The series of Stefan Osnowski is closely related to his earlier big size woodcuts, that he exhibited with the name Passage in the Resident Art Gallery in 2017. In his latest series called ENTRE - between the artist continues to follow the principle of creation based on strict rules, but this time he enriches the parallel network of lines with diagonal prints.

Stefan Osnowski: ENTRE - between
June 1 - July 27., 2018
Resident Art Gallery, Budapest

 The resulting system makes the surface into lattice structure that consist of triangles, that is geometric, and while observing it from close, it can be called an abstract net. While the starting point of the woodcut is still the moment of the stationery picture of the visible world, or rather, at the intersection of the place where the lines cross each other, the works of art get one step closer to geometric abstraction or we can say: to the resolution of the printing technology , where points are born, that resemble the pixels of a digital photograph.

For many years now, Stefan Osnowski has been concerned with a new approach to wood engravings and has been developing the opportunities inherent to the technique. When preparing the engravings enlarged to the size of an easel painting, he creates a range of tonal values purely through the variation of the width and depth of the horizontal lines, as well as through the alteration of the density of the grid whilst retaining a purely monochrome imagery. His printing technique also deviates from the norm, due to the use of a palm-size glass lens to manually rub the ink onto the paper rather than a printing press, thus preserving the apparent uniqueness of each individual item in a series. Physical contact and hand-crafting is just as much a part of the concept as gathering a theme or selecting a medium.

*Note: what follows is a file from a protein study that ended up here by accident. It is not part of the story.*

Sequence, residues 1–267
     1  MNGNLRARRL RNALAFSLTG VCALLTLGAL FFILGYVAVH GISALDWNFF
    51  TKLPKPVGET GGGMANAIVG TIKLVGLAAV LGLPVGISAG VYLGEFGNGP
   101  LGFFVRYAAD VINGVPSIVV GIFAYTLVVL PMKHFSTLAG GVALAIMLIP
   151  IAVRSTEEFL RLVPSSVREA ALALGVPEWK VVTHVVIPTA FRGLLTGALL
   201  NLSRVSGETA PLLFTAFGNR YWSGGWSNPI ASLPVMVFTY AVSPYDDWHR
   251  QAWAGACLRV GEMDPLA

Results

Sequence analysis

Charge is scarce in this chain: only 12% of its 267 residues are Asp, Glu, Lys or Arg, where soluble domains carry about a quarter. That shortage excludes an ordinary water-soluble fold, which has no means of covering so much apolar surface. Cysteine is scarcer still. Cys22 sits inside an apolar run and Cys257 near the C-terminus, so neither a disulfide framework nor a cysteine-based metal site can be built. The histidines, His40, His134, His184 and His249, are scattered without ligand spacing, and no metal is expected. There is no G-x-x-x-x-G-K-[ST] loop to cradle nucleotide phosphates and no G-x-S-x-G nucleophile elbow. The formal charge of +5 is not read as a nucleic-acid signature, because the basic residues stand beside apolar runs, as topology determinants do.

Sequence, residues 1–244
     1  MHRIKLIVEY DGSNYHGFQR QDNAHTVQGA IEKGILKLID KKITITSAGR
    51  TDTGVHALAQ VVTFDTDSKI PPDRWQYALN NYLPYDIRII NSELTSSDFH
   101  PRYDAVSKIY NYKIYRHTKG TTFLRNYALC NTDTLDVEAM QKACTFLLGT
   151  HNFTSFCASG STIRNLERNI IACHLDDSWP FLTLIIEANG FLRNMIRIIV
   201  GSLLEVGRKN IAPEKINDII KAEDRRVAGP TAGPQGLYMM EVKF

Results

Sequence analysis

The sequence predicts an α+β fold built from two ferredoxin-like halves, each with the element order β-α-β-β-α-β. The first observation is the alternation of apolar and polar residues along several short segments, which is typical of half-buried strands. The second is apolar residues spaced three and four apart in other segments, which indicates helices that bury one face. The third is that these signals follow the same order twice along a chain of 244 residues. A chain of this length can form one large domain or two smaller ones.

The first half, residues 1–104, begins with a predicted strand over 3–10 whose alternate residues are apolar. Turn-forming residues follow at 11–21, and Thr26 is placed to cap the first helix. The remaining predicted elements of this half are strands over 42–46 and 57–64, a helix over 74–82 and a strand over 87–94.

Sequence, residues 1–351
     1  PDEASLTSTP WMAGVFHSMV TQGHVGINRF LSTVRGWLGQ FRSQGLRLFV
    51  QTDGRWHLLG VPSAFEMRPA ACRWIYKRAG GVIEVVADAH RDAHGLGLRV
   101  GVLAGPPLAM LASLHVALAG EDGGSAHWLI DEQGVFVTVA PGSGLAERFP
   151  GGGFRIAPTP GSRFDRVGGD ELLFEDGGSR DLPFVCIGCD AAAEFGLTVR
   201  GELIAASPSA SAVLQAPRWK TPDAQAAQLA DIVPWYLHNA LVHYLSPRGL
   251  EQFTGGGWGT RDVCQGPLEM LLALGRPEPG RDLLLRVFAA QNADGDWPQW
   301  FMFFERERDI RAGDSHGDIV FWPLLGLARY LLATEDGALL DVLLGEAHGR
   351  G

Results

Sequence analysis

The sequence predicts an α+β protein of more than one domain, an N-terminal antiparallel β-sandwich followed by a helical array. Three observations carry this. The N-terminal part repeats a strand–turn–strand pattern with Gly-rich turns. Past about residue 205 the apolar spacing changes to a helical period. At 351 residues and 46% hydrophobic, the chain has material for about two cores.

The serie of large-scale monochromatic woodcuts shows images of an empty Seascape on the west coast of Europe, in southern Portugal. This landscape is characterized by its broad boundlessness.
The composition of each image always follows the same strict classical principle: The Focus goes out to the sea to an endless horizon in the distance that divides the image exactly in the middle. The upper half of the picture portrays a cloudy sky during the twilight of the dawning night. In the lower half the ocean and waves break in endless repetition on the shore and blur the border between land and sea.

These pictures are absolute in their dissolution, which evokes a BETWEEN: The invisible line between sea and sky, water and earth, between day and night, and light and darkness, between fluid movement and complete standstill. They are snapshots that capture the back and forth of water crashing onto the shore, and losing itself in the sand only to be retracted a few moments later to throw itself against the shore with renewed force.
The original digital photographs are transformed during a month-long time-consuming handwork into a digital barcode which will be carved into wood to be finally printed by hand on paper. The use of any mechanical equipment is deliberately avoided. The traditional analog printing of images and the associated loss of information compared to the original photographs, exerts a peculiar tension by underlining the contrast between the digital immaterial image and the handmade physical print.